Even as growth stocks have soared this year as the bull market rallied, many investors are buying seemingly unexciting, payout-rich dividend stocks. Income-oriented equities such Abbvie Inc. (ABBV), Broadcom Ltd. (AVGO), SL Green Realty Corp. (SLG), Regions Financial Corp. (RF), Phillips 66 (PSX), Marathon Petroleum Corp. (MPC), T. Rowe Price Group Inc. (TROW), PNC Financial Services Group (PNC), JPMorgan Chase & Co. (JPM) and Comerica Inc. (CMA) are among the best positioned to outperform amid low inflation, political uncertainty and a dovish Federal Reserve, per Barron’s.
“In a world of slow economic growth and political uncertainty, we’re trying to find ways to generate returns,” said David Carter, chief investment officer at wealth-management firm Lenox Wealth Advisors, in a story in The Wall Street Journal. “We’re actually buying a lot more dividend stocks now.” See the table below for a look at these stocks' track record.
Why Payout-Rich Stocks Can Lead
- Perform well amid low inflation, political uncertainty, and a dovish Fed.
- Dividends comprised 19% of total S&P 500 returns over the past five years.
- Top 20% of S&P 500 stocks by dividend yield and market cap weight beat the market over the past 60 years.
Source: Barron’s, WSJ, Greenrock Research, Morningstar
Income Stocks Post Outsized Returns Over Long Periods
Many investors are unaware that dividends accounted for 19% of the returns in the S&P 500 during the past five years, per Morningstar Inc. in the Journal, or that dividend stocks frequently perform better than non-dividend equities longer term. More striking, during the six decades through 2018, the top 20% of S&P 500 stocks by dividend yield and weighted by market cap led the broader S&P 500 by 2.13 percentage points yearly, per Greenrock Research.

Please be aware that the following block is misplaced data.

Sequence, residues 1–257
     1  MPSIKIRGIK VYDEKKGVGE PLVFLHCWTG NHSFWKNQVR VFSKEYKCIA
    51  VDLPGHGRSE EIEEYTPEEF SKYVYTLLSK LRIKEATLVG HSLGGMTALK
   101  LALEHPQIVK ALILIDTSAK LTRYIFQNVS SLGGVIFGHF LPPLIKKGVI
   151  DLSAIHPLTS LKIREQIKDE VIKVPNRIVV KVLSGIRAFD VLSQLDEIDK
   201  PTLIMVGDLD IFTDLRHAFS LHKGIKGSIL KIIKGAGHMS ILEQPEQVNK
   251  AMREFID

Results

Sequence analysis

Barron’s looked at stocks with dividend yields above 3%, all which ranked in Realty Shares’ top category for dividend safety. In analyzing dividend safety, the index provider looked at seven factors including earnings growth over the past 12 months, a company’s dividend actions over five years, the ratio of cash spent on stock buybacks versus dividends, and how much free cash is available to cover dividend payments.
Drug company Abbvie was the highest-yielding on the list, yet its shares remain in bear market territory. Broadcom, which boasts a 3.9% dividend yield, is the only tech company on the list. While investors fear a slowdown in the cyclical semiconductor industry, the chipmaker has seen its shares gain 11.5% over 12 months. The company is slated to report quarterly results on March 14.
The attractiveness of dividend-paying stocks may demonstrate that many investors remain cautious and fundamentally unimpressed by the euphoria of the market rebound this year. Instead, it appear that they are both on the lookout for short-term pitfalls and also selecting stocks for longterm outperformance.